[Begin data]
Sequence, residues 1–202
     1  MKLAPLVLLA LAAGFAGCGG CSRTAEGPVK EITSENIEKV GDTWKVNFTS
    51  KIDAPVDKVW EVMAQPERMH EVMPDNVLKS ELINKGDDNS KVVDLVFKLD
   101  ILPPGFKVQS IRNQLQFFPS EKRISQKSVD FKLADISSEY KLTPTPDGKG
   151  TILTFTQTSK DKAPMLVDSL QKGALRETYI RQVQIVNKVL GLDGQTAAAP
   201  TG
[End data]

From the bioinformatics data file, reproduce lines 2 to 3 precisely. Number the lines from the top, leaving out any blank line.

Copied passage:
     1  MKLAPLVLLA LAAGFAGCGG CSRTAEGPVK EITSENIEKV GDTWKVNFTS
    51  KIDAPVDKVW EVMAQPERMH EVMPDNVLKS ELINKGDDNS KVVDLVFKLD